The second axis constitutes a sectoral development of the theme now proposed, because it addresses the transnational dimension of the Milanese cultural model through the work of Carlo Cattaneo. The many-sidedness of his thinking, his interest in the study of the city, and his close ties with Ticino make it possible to measure how far and in what ways Cattaneo is representative of this new cultural model. In this respect, the investigation will seek to gasp the extent to which his work reflected and at the same time informed public opinion of the time. Guiding the survey is the transnational profile of Cattaneo’s cultural model. The study of these two themes intersects with SP1, which analyses the legal framework for cultural policy and publishing, SP 3 documenting the projects debated in the press, and with SP4 reconstructing academic societies and the culture of actors.
Members: Francesco Dendena, Rapahel Ebgi, Fernanda Gallo, Giacomo Girardi, Emilio Scaramuzza, Pietro Tedeschi
Subproject 3 - Constructing architectural and urban space
Jean-Philippe Garric, Letizia Tedeschi
Partners: Richard Kurdiovsky, Francesco Repishti, Ornella Selvafolta
The analysis of plans and physical transformation of space in the city comprises two aspects: one is those spaces and buildings in public use. This will include those unimplemented proposals, temporary structures and arrangements (festivals and urban stage sets) that influence shifts in collective representation. The other concerns the private spaces in domestic architecture and residential districts.
Recent research on the former has shown the importance of the late 18thand 19thcenturies cultural models as transmitted in schools and disseminated in print. Implementing these models came up against and urban reality that rather involved the transformation and adaptation of existing structures: property confiscated from the clergy beginning under Joseph II and some the private aristocratic property adapted to public use after 1796.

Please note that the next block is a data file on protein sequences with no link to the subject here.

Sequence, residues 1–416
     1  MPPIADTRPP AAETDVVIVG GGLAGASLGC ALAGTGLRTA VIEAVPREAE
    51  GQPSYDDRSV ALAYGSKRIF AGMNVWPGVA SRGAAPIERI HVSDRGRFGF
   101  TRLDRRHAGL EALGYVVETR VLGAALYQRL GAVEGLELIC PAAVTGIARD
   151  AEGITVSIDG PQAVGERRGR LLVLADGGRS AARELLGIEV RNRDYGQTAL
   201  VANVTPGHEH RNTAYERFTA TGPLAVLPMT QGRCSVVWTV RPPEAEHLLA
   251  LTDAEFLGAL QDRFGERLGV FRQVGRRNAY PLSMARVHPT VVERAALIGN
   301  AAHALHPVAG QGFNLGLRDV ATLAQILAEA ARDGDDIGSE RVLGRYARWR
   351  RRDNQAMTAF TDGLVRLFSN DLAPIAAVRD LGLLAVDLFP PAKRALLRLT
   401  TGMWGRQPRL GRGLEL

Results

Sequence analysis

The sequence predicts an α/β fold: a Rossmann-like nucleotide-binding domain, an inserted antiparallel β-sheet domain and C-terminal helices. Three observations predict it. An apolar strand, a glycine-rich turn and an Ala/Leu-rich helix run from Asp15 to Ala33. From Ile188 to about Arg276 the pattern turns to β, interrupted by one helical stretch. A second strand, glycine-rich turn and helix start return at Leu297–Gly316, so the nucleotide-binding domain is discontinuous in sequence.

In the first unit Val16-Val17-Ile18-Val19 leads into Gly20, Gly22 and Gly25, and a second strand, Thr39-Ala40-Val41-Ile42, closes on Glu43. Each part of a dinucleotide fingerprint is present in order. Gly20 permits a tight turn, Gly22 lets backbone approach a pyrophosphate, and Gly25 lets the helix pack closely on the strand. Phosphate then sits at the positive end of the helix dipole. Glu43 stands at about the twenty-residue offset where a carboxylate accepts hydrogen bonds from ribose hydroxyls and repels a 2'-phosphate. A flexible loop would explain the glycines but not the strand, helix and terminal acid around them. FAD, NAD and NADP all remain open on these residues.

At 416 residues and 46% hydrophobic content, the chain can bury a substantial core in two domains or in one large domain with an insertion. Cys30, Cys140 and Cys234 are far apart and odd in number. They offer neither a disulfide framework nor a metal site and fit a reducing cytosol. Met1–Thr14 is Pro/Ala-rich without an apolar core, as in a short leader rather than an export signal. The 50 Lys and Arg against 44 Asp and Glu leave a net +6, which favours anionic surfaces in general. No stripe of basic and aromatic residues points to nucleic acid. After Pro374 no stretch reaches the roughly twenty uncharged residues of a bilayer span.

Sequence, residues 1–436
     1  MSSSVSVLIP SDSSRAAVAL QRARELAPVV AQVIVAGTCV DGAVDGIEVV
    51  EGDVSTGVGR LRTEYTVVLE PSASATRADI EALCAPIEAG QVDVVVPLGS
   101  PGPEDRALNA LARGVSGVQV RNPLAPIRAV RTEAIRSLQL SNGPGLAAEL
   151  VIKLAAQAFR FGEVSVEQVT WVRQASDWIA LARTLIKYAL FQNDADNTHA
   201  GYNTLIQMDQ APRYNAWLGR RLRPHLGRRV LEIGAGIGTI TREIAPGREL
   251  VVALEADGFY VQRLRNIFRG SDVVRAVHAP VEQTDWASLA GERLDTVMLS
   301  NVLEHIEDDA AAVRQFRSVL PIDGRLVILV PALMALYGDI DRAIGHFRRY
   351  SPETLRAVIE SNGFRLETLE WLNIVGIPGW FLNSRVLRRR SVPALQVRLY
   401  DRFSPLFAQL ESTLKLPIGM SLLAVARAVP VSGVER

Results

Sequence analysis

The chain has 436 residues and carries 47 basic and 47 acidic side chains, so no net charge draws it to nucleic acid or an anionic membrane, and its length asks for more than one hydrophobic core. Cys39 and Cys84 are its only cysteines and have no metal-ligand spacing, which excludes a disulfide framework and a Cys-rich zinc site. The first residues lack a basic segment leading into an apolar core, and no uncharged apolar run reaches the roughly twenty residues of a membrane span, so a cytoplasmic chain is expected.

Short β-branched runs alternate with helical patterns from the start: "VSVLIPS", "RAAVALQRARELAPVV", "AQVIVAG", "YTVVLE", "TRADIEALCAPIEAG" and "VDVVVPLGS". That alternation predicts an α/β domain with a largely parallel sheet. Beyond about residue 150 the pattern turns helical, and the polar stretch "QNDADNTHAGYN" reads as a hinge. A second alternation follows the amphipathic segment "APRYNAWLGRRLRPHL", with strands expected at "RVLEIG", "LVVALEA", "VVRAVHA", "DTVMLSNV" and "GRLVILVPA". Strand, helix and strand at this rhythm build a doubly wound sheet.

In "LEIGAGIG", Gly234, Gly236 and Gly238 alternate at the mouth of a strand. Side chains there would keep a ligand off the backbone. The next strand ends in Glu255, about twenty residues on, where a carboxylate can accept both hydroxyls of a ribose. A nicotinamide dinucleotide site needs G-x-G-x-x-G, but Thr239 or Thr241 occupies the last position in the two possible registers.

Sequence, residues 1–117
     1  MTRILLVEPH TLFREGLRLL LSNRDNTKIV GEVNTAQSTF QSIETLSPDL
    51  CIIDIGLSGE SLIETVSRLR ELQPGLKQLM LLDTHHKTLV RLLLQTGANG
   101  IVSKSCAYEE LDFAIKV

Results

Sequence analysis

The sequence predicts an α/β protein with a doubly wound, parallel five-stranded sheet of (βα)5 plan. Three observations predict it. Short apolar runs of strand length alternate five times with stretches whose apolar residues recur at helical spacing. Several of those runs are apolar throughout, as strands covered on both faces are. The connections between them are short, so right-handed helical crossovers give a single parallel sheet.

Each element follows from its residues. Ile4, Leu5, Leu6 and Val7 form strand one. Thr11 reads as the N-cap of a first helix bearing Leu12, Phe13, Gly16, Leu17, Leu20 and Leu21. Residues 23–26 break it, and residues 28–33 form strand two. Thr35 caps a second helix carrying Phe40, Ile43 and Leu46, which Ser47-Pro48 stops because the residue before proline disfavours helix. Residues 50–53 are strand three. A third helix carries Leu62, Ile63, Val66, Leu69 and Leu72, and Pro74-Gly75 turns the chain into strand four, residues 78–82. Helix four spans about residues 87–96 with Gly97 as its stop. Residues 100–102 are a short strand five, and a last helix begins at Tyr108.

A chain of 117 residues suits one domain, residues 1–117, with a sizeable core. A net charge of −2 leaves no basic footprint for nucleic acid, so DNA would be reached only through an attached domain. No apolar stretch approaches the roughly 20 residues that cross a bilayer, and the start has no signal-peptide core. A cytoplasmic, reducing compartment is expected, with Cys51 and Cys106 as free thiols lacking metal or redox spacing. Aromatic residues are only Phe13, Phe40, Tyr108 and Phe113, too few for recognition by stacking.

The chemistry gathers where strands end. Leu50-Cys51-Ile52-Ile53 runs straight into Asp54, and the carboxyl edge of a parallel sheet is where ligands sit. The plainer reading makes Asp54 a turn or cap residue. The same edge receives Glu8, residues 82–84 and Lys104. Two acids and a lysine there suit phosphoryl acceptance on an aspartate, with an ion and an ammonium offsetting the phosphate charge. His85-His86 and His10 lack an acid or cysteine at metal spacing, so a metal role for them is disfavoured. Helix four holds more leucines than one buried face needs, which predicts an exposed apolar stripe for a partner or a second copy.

Domestic architecture, meanwhile, reflecting ongoing patterns of living and a productive structure dependent on individual fortunes, was also determined by the increase in the number of printed models, particularly in French books. Within the framework laid down by regulations and the development of infrastructure, these private buildings formed urban settings that bound together the city’s various scales, from public space to interior space, as analysed in SP4.
Study of these operations is closely linked to SP1 dealing mainly with legislative actions and administrative decisions applicable to private property. These proposals and constructions also gave rise to public debate in contemporary publications (SP2). Finally, this study of projects and buildings will identify some of the main actors, enterprises and manufactories (SP4).
Members: Elisa Boeri, Pierre Coffy
Subproject 4 – Structures and actors in the construction community
Letizia Tedeschi, Jean-Philippe Garric
Partners: Francesco Repishti, Ornella Selvafolta
Just as SP3 is divided into two parts, so SP4 divides into institutional frameworks, academic structures and learned societies on the one hand and enterprises, manufactories and actors in the world of construction and arts and crafts on the other, who contributed to shifts in taste.
As for the first point, the institutional research will identify the role of newly created or existing organisms in the process of transforming space. We shall show their contribution to discussion of projects, educating actors, selecting and defining the models and principles that determined the transformation of Milan. This transformation involved a gradual separation between the careers of professional architects, engineers, both publicly employed, and its institutional and norm-giving consequences, just as the division of labour on building sites.
As for the second point, the new generation brought to the fore by the arrival of the French army and kept in place after 1814 (except for “Jacobin” architects, pushed aside by the Napoleonic Italian Republics from 1802), despite the gradual emergence of the new personalities and changes among entrepreneurs, reshaped the community of building actors. These were no longer mere implementers of projects; rather their practices, methods, know-how, initiatives and resistance contributed to both innovation and permanence, and thus affected the nature of the works they supervised.
Within this general perspective, the examination of the presence and role of professionals from Ticino, traditionally a significant proportion of the construction community, will make it possible to identify cross-border exchanges and transfers. These research issues are closely related to SP1 on legal frameworks and SP2 analysing the cultural background to the construction-related literature. This study closely linked to SP3 on projects and completed works.
Members: Valentina De Santi, Romain Iliou, Guillaume Nicoud, Valeria Mirra, Serena Quagliaroli, Giulia Spoltore, Stefania Ventra